Science is finally coming to see what those of us who have spent a lifetime studying our canine companions have known all along... That dogs are highly intelligent animals capable of strong reasoning.. I'm glad to see them finally getting their due.
The Intelligence of Dogs
Research Discovers Canine Cognitive Abilities
© Joy Butler
Dec 15, 2007
Scientific studies in recent years show that dogs apply earlier learning to new situations, perform selective imitation, and understand human gestures and new words.
Dog lovers have long touted the intelligence of man’s best friend and are sometimes accused of anthropomorphism. However, in recent years, science has made some exciting discoveries concerning canine cognitive abilities.
Dogs Apply Earlier Learning to Different Situations
In a study at the University of Vienna in Austria, dogs used touch screen computers to show that they could categorize photographs. They were trained with treats to select a dog picture over a landscape picture. When they were shown a different set of dog and landscape pictures, they continued to select the dog pictures, demonstrating that they could apply earlier learning to a different situation. Researchers tested further by presenting the dogs with contradictory information to see if they were capable of forming concepts. When shown pictures of an empty landscape and a landscape with a dog, they continued to select the picture with the dog.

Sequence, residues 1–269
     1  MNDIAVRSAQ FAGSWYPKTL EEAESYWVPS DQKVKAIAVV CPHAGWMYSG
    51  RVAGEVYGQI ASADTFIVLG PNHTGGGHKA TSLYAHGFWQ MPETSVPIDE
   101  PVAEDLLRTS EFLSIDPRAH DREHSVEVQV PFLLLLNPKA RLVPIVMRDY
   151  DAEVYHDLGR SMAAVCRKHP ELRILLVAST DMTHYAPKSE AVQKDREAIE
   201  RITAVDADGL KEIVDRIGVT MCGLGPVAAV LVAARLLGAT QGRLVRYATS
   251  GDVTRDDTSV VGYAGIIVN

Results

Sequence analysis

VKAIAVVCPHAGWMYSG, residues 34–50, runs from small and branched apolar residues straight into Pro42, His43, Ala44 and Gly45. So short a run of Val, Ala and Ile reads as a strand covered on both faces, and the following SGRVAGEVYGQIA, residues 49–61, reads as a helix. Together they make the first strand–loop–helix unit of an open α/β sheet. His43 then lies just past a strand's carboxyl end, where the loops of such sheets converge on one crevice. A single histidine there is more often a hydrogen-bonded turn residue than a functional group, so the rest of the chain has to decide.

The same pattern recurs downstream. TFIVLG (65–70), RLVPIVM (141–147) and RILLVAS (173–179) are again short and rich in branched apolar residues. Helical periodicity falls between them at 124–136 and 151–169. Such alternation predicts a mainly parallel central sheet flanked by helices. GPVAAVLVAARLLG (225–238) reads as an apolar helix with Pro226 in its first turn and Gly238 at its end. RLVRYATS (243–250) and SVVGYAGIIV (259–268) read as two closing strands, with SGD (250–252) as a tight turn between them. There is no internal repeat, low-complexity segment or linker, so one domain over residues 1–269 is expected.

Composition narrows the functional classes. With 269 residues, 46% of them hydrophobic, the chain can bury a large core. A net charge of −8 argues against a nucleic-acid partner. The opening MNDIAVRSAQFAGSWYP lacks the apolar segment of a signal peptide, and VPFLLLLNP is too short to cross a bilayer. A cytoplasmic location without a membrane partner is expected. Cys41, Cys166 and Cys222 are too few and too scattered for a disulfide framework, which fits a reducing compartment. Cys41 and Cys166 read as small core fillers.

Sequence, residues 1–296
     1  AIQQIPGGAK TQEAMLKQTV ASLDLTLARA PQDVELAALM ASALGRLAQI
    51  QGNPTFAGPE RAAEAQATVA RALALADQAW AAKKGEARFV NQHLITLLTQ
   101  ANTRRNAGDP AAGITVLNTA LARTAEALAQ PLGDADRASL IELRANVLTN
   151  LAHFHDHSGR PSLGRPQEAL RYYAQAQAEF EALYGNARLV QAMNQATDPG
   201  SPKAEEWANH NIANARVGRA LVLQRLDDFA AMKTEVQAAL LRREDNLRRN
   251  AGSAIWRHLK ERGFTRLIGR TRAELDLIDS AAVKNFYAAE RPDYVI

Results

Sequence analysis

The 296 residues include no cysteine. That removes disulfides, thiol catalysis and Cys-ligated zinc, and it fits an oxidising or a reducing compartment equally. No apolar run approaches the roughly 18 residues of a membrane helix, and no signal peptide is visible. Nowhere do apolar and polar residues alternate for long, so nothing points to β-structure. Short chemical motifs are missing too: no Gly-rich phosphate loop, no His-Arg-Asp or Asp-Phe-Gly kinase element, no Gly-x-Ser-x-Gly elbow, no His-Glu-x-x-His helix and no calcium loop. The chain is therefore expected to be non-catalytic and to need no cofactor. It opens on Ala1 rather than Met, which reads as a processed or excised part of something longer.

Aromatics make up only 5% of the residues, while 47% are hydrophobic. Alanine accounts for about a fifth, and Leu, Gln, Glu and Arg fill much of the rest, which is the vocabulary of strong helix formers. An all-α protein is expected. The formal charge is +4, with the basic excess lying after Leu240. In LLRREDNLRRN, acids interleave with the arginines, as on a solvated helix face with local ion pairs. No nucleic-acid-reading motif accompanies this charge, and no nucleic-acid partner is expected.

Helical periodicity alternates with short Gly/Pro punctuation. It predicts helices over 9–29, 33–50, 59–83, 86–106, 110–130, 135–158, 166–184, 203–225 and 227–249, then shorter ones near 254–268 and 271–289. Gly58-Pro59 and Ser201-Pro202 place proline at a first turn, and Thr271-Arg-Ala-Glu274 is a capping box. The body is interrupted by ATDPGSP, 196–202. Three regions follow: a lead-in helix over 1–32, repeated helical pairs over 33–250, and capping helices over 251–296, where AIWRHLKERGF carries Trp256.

Dogs Selectively Imitate
A Border Collie named Guinness has been able to identify different landscapes, different faces and even different dog breeds. She, like most of the dogs tested at the Clever Dog Lab, seemed to enjoy watching the monitor. Guinness was also taught to open a food dispenser by pushing a handle with her paw. Dogs will instinctively use their nose for most situations like this but when other dogs observed Guinness using her paw, they also used their paw, indicating that they figured there must be an advantage to this method. However, when they observed Guinness with a ball in her mouth and using her paw, they usually used their nose, indicating that they figured the ball in her mouth was the reason she used her paw. They did not simply imitate her actions but selectively chose to imitate when it seemed appropriate.
Dogs Use Logic in Learning New Words
Another Border Collie named Rico was able to identify more than 200 toys. Researchers then placed a new toy among seven familiar toys and, using a word Rico had never heard before, ask him to fetch the new toy. Seventy percent of the time, Rico fetched the correct toy, indicating that he understood that the new word must mean the new toy.
Dogs Understand Human Expressions
In other studies, dogs as young as six weeks showed amazing ability for understanding human expressions such as finger pointing or gazing at certain objects. Juliane Kaminski, of the Mac Planck Institute for Evolutionary Anthropology in Leipzig, Germany says, “When it comes to understanding human behavior, no mammal comes even close to the dog.” Perhaps that’s why they came to be known as man’s best friend.
It seems that science is finally catching up to what dog owners have known all along. There really is more going on behind those big, soulful eyes than just sleep, eat, and play. Dogs truly are intelligent animals who use logic, feel emotions, and form strong bonds with humans and other animals.